As I’ve written before, admirers of the great American
Quartets of the 1930s-1950s period will spring to attention
when they hear the name Stuyvesant. Yes, others were
as prominent if not more so - the Coolidge, the Gordon, Curtis,
Musical Arts, Paganini, the transplanted Guilet and London,
the Stradivarius and plenty of others - but the Stuyvesant always
sought out creative and imaginative repertoire and their changing
personnel were some of the very best around. At one time the
composition of the quartet was Sylvan Shulman and Bernard Robbins,
violins, Ralph Hersh, viola and Alan Shulman, cello, but for
these 1939-41 inscriptions the line up included both Shulmans
and violist Louis Kievman; the second violin was Harry Glickman
for the Shostakovich and Zelly Smirnoff for the Bloch.
The American recording industry made headway early with Shostakovich.
Stokowski and Rodzinski were leading exponents of some of the
symphonies - of the two Stokowski was the more committed - and
there was also activity in the chamber repertoire. This was
particularly true in the case of the Piano Quintet where Vivian
Rivkin and the Stuyvesant Quartet recorded the work the year
after it had been completed. The Quartet also notched up the
First Quartet in its premiere Western recording.
Fine string tone and a first class rapport with Rivkin mark
out this 1941 performance. This aggregation, after all, gave
the work its American premiere. The soliloquies are full of
character, and often moving, the fugal section chiselled and
knowing. Expressive unanimity is a hallmark, whilst as for Rivkin,
he certainly captures the brittle Shostakovich piano sound,
sounding uncannily like a xylophone in the latter stages of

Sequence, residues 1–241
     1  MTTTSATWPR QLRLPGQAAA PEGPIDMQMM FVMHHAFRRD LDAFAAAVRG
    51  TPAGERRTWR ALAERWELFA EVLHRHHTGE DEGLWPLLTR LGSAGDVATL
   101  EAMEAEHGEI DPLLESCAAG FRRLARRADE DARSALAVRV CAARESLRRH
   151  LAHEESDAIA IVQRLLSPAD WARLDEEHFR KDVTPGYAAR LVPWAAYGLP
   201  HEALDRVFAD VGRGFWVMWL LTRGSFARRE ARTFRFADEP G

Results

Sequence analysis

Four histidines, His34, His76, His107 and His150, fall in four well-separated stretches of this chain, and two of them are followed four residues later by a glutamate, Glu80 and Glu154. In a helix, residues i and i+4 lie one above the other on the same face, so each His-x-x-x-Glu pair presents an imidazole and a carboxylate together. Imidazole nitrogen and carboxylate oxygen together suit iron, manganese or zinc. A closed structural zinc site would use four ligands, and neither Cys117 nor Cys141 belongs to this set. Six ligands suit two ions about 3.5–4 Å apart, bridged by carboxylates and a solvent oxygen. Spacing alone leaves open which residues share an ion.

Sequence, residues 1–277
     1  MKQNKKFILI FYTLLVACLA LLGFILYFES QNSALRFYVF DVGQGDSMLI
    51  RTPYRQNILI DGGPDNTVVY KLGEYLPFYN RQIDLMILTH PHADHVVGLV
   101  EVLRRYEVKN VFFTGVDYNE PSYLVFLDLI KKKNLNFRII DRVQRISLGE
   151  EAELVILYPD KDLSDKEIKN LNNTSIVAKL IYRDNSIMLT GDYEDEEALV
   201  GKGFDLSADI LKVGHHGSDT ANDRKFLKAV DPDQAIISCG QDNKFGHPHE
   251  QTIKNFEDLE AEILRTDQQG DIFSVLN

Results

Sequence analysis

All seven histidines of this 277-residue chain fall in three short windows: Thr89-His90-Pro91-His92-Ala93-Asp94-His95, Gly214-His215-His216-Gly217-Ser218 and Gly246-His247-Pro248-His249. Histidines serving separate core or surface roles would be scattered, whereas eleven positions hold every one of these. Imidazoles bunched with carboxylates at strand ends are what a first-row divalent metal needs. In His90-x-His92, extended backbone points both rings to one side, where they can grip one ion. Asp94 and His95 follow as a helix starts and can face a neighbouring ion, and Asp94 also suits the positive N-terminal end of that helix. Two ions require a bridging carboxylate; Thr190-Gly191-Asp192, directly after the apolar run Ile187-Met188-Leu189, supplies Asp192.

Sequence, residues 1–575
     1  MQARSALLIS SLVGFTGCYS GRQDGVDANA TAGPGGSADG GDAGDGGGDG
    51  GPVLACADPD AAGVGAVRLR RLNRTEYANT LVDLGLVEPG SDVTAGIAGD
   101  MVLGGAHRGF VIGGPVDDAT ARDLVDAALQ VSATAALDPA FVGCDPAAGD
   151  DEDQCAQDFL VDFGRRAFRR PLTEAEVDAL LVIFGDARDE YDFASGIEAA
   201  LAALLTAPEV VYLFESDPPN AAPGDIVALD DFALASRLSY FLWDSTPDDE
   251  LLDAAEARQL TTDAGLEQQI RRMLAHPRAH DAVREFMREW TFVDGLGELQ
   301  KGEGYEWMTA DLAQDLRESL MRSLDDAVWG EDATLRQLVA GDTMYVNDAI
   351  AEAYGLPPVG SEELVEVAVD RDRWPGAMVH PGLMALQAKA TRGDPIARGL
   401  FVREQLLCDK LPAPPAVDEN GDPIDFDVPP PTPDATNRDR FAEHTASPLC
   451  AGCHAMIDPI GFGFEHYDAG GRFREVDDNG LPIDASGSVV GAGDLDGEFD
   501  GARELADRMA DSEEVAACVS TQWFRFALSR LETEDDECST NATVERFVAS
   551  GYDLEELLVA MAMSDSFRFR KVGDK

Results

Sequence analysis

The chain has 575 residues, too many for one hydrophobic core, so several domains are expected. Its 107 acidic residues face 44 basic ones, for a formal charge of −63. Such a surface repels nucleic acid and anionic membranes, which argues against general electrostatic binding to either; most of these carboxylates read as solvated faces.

the Quintet. The tolling motif in the Scherzo is well calibrated,
so too the foreshadowing of the later Second Piano Concerto.
Full marks too for the engineering team capturing a good range
of dynamics. A few clicks hardly bar pleasure at this finely
recorded artefact that’s been well transferred to silver
disc. It bears an important place in the discography of the
work. The composer himself of course left behind a recording
with the Beethoven Quartet.
The companion work was recorded earlier, and is Bloch’s
magisterial, expansive and intense First Quartet. If your historical
knowledge of this work is predicated on the Griller recording
for Decca in 1954, then you will be in for something of a shock.
The Stuyvesant is much faster and its tautness doesn’t
come with any loss of intensity. It’s a genuinely valuable
difference of approach. The Stuyvesant, recorded c.1939, conveys
plenty of the nervous vitality inherent in the music. Rhythms
remain flexible, the promotion of colour is laudable, and there
is overall singing buoyancy to its approach. Additionally the
recording was good, and the transfer - with imperceptible side
joins - equally so.
I can strongly recommend the following two other Stuyvesant
discs - Hindemith, Villa-Lobos and Quincy Porter quartets on
PACD 96026 and Bridge 9137 which contains Malipiero No.1,
the Debussy and Ravel, and a work - with Benny Goodman - by
As for the recording under review, Historic Recordings doesn’t
provide any notes but has hit the spot with this release.